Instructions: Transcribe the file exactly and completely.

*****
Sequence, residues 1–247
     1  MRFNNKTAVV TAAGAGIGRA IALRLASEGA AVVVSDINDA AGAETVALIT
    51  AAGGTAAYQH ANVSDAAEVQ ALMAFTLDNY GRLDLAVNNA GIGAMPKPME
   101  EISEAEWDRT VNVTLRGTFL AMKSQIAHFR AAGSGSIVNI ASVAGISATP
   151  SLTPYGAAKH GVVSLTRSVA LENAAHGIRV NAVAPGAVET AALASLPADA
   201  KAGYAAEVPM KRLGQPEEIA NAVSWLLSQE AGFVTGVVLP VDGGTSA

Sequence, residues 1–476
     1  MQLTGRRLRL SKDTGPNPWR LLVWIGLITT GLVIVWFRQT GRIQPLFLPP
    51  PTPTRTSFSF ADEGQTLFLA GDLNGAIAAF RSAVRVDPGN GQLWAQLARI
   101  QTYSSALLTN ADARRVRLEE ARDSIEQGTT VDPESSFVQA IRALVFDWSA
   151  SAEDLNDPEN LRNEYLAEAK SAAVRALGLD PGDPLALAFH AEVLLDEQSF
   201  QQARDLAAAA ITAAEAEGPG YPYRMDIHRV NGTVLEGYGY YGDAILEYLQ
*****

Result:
Sequence, residues 1–247
     1  MRFNNKTAVV TAAGAGIGRA IALRLASEGA AVVVSDINDA AGAETVALIT
    51  AAGGTAAYQH ANVSDAAEVQ ALMAFTLDNY GRLDLAVNNA GIGAMPKPME
   101  EISEAEWDRT VNVTLRGTFL AMKSQIAHFR AAGSGSIVNI ASVAGISATP
   151  SLTPYGAAKH GVVSLTRSVA LENAAHGIRV NAVAPGAVET AALASLPADA
   201  KAGYAAEVPM KRLGQPEEIA NAVSWLLSQE AGFVTGVVLP VDGGTSA

Sequence, residues 1–476
     1  MQLTGRRLRL SKDTGPNPWR LLVWIGLITT GLVIVWFRQT GRIQPLFLPP
    51  PTPTRTSFSF ADEGQTLFLA GDLNGAIAAF RSAVRVDPGN GQLWAQLARI
   101  QTYSSALLTN ADARRVRLEE ARDSIEQGTT VDPESSFVQA IRALVFDWSA
   151  SAEDLNDPEN LRNEYLAEAK SAAVRALGLD PGDPLALAFH AEVLLDEQSF
   201  QQARDLAAAA ITAAEAEGPG YPYRMDIHRV NGTVLEGYGY YGDAILEYLQ